Dfordoom's Reviews > The Book of Werewolves

The Book of Werewolves by Sabine Baring-Gould
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's review
Apr 23, 2008

really liked it
bookshelves: non-fiction
Read in December, 2007

Sabine Baring-Gould’s Book of Werewolves (which was recommended to me by several people here) was originally published in 1865. Baring-Gould treats the phenomenon of the werewolf as a psychological aberration, as essentially a delusional state. He also relates it to cannibalism, and seems to see at lest some of those so afflicted as being what we today would call serial killers. He also links it to the behaviour of the notorious Norse berserkers, who would suffer from an insane battle rage. His speculations on the origin the various names by which werewolves were known in different European languages is intriguing, especially the idea that the term may derive from a word for an outlaw, a man condemned effectively to run with the wolves. He has plenty of interesting Scandinavian folklore and legends on the subject in the book, and also a chilling account of the career and crimes of the infamous Gilles de Retz (or Gilles de Rais), the 15th century French nobleman who murdered hundreds of children. I’m not sure exactly how he saw the connection between de Retz and werewolves, but it’s interesting anyway. A fascinating little book.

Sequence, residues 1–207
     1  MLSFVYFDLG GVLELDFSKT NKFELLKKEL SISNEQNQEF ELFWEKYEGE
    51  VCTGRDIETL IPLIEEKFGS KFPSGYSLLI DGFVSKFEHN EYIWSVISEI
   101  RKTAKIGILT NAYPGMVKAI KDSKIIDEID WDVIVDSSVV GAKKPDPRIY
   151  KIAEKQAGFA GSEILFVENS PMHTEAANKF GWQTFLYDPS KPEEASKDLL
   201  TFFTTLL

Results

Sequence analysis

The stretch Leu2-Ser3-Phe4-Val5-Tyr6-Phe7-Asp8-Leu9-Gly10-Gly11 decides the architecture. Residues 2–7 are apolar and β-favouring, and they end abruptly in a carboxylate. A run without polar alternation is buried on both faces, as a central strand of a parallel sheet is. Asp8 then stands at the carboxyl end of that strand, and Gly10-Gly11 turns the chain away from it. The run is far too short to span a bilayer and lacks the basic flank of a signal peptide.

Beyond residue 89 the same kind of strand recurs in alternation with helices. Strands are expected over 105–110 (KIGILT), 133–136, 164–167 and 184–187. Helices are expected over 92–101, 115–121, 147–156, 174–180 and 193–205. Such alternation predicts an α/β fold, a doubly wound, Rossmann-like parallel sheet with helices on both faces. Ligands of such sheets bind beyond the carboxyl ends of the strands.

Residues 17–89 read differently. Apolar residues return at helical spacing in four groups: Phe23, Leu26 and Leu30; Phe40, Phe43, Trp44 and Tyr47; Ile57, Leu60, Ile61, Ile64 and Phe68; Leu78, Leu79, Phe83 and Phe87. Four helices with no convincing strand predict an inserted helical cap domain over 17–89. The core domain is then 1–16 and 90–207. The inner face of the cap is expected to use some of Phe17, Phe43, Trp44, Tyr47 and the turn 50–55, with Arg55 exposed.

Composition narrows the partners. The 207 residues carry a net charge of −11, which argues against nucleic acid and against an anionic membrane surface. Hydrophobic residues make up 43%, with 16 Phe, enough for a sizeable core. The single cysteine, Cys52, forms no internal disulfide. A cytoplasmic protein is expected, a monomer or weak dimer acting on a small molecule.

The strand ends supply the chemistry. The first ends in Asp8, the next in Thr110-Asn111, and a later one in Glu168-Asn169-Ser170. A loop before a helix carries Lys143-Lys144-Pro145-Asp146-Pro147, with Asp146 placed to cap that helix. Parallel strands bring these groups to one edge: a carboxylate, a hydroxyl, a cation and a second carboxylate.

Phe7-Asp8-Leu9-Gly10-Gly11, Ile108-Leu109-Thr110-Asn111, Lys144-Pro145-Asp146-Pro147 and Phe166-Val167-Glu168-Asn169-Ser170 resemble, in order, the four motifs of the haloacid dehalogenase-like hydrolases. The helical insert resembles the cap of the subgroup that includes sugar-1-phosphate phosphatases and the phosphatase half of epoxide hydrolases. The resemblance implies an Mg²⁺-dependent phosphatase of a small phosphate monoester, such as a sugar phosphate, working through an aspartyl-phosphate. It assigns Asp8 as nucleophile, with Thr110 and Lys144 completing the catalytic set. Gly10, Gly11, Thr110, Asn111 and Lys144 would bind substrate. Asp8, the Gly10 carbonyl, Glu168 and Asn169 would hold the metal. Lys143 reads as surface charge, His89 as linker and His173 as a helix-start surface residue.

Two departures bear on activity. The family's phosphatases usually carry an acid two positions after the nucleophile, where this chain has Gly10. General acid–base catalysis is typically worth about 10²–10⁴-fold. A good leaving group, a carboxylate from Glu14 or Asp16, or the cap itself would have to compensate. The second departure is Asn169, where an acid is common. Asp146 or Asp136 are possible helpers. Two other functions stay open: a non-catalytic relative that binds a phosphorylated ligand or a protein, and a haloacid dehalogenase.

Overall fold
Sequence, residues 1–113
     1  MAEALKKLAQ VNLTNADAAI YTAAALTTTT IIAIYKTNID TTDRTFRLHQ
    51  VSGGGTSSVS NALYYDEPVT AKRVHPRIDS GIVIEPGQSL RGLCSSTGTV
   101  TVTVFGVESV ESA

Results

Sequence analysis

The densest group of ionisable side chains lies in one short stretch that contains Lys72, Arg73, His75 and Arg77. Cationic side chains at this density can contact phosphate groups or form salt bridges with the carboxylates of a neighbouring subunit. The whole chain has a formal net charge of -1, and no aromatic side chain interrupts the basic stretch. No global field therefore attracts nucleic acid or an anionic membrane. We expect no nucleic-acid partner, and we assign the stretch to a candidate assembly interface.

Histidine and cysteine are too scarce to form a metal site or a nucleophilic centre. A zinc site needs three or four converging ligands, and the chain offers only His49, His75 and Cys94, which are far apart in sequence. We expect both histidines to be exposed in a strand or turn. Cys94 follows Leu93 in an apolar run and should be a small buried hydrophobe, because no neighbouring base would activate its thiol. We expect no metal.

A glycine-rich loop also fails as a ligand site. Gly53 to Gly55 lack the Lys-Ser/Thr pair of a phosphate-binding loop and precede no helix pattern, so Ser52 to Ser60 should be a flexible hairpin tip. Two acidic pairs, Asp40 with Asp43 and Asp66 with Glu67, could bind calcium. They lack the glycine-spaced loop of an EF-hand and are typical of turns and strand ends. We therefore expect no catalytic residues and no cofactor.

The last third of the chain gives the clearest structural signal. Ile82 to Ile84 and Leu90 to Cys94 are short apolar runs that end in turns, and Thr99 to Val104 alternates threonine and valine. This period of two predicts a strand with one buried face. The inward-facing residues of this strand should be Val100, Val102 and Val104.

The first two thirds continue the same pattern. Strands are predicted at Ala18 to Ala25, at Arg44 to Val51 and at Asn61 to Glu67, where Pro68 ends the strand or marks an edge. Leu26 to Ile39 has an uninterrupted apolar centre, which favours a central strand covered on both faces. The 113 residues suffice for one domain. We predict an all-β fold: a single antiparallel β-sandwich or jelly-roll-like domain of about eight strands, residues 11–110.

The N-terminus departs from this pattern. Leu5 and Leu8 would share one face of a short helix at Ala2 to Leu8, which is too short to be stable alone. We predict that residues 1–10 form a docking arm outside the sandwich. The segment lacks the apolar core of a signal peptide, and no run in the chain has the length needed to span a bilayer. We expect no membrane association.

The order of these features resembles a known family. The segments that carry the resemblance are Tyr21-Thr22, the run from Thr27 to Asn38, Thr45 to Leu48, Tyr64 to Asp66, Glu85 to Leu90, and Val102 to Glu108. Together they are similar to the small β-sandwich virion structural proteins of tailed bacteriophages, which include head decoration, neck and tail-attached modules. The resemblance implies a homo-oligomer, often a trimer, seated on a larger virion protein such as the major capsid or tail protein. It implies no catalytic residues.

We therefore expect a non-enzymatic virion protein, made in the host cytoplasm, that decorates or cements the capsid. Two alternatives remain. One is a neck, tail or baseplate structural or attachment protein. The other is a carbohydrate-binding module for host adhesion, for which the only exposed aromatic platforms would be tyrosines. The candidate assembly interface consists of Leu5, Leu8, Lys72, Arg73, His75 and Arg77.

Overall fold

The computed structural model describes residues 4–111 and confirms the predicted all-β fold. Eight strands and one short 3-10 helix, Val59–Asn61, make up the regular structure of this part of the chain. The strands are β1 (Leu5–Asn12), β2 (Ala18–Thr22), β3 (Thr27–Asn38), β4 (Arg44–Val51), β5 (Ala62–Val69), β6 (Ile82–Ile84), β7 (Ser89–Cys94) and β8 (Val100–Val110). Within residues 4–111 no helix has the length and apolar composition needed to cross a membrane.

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08/14/2016 marked as: read

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Michael Fierce Not all of it was as amazing as the rest of it but I really thought it had some interesting "facts" to know and makes you realize how anyone could be imprisoned or put to death for lycanthropy. Crazy!

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